Presentation Title: Scientific Cooperation In and With Africa
Dr Phil Mjwara,
Director-General of the Department of Science and Technology, South African Ministry for Science and Technology, Republic of South Africa.
South Africa’s determination to become one of the world’s most competitive knowledge-based economies is gathering speed through the implementation of its Ten Year Innovation Plan. This three-legged blueprint for scientific cooperation inside South Africa and with Africa and with the world, spans focus areas from space science and astronomy to better understanding the human and social dynamics societies in transition. Recent membership of the BRICS, the appointment of a South African as Head of the African Union and the high-profile award of the Square Kilometre Array radio telescope are all indicative of South Africa and Africa’s ambition to contribute to global scientific enterprise. Yet, this equal-partner role often risks being overlooked. Minister Hanekom’s talk will underscore pan-African efforts to address grand challenges such as global change, energy security and the fight against disease. He will demonstrate how South Africa is actively pursuing these objectives through a range of dynamic international partnerships. The message from Africa is clear: science is not a reward but an instrument for development and South Africa and Africa are determined to harness its full potential.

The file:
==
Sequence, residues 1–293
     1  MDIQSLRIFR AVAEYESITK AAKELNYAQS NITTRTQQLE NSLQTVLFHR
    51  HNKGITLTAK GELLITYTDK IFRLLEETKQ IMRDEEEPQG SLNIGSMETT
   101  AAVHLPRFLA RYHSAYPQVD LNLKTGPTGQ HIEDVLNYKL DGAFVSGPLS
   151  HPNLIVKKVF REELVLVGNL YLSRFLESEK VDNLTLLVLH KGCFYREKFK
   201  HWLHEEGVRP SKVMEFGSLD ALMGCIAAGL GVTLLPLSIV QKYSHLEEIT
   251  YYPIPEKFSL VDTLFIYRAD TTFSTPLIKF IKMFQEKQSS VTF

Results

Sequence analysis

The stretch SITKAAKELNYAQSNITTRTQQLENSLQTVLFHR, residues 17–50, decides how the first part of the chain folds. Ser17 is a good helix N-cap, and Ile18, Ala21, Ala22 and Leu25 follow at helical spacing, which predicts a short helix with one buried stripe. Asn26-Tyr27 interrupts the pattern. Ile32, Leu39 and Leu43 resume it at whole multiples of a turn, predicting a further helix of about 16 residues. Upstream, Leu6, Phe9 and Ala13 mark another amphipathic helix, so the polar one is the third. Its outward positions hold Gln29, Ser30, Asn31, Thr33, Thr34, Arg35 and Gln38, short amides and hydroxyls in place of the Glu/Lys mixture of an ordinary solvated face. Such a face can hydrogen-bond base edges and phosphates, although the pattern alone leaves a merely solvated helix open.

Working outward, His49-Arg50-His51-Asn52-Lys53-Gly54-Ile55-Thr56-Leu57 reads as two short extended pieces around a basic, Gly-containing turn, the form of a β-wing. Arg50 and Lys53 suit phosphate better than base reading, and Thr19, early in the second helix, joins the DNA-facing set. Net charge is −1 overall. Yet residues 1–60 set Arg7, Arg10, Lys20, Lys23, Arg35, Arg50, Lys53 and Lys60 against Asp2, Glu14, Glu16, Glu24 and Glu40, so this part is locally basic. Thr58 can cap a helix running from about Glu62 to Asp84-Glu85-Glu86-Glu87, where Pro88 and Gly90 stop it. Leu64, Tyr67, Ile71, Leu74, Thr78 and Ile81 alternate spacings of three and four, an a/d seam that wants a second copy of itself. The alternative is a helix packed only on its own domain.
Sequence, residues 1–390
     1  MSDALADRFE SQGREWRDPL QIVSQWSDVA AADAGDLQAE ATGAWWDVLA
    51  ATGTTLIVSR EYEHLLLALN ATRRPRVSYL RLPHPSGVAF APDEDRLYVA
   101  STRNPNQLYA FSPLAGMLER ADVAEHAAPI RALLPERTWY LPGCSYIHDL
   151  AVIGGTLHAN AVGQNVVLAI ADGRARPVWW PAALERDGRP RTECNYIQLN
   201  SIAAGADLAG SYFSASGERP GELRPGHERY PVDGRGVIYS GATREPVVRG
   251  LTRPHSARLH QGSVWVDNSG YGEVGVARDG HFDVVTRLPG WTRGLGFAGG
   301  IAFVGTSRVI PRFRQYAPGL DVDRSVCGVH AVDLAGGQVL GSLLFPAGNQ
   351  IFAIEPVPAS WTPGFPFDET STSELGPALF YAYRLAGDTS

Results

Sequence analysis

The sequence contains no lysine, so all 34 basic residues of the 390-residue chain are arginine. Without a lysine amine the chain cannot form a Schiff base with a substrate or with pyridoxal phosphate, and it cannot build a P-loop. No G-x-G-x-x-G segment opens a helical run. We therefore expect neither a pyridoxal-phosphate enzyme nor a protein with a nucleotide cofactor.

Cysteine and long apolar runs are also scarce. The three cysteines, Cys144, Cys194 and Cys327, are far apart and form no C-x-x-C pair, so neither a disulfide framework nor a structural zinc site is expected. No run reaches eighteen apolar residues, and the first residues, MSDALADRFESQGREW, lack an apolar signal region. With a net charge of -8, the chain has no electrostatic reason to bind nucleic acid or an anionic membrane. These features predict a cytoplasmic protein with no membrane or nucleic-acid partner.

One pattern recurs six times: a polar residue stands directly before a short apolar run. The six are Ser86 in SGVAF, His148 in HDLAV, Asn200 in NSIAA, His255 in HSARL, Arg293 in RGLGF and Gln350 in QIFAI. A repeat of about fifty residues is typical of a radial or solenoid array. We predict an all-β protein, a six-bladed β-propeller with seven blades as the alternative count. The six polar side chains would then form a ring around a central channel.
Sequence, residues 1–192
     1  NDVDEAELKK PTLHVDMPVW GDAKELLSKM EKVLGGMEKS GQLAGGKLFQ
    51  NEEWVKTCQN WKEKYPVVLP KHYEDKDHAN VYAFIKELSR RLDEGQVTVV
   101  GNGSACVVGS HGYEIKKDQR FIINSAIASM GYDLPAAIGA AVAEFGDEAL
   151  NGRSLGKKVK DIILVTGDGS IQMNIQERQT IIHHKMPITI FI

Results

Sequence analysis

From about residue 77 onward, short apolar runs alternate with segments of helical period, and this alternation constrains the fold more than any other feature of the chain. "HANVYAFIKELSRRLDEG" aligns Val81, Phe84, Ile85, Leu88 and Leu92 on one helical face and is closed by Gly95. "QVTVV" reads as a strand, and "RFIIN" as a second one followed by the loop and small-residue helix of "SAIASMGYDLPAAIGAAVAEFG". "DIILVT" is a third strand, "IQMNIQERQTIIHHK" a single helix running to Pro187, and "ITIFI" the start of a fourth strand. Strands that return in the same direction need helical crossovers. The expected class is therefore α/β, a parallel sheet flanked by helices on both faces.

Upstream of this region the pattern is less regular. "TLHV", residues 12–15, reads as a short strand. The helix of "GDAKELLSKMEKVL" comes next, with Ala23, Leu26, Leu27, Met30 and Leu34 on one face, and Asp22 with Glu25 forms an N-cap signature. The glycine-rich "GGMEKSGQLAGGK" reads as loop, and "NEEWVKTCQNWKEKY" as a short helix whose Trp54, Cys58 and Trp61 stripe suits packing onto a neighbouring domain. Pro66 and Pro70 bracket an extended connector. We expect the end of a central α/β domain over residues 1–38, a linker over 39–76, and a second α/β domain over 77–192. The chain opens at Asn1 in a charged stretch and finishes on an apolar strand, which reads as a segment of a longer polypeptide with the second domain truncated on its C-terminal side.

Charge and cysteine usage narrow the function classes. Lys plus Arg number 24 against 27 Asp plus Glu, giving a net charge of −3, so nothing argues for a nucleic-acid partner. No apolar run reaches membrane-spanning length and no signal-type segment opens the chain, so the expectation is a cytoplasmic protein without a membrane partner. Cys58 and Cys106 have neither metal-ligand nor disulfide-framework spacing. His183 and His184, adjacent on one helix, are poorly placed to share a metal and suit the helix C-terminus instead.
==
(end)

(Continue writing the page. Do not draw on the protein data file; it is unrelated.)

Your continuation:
Presentation Title: A Crucial Moment for Science Cooperation
Dr Vaughan Turekian,
Despite being in the midst of a "Great Recession," the first Obama administration dramatically increased science and technology investment and elevated science in policy-making. This acted as a carrier-wave for science globally. The second Obama administration may yet shift gear and funding may decline. Regardless, international cooperation in science and technology has gained renewed prominence as a tool for bettering relations with the world, as well as addressing the most urgent global challenges. Building on the insights of previous speakers, this talk will examine whether the development of a truly global scientific enterprise is within reach and assess the obstacles that have yet to be confronted. How should we incorporate rising scientific communities such as China and Africa into the currently Western-oriented scientific structure? How can we cooperate while competing for scarce international resources, evidenced by the newfound scramble for Africa? How can we address explosive tensions between scientific information and societal and political directions? All governments and regions face new challenges in terms of how science is viewed and used. Attitudes and perceptions about science, ranging from issues at the nexus of religion and politics, and competitiveness and immigration, may sometimes seem irreconcilable with science-based progress. This talk will offer educated guesses about how we might share discovery and innovation and protect difference and competition, while tackling widely-held misperceptions and keeping the general public on-board.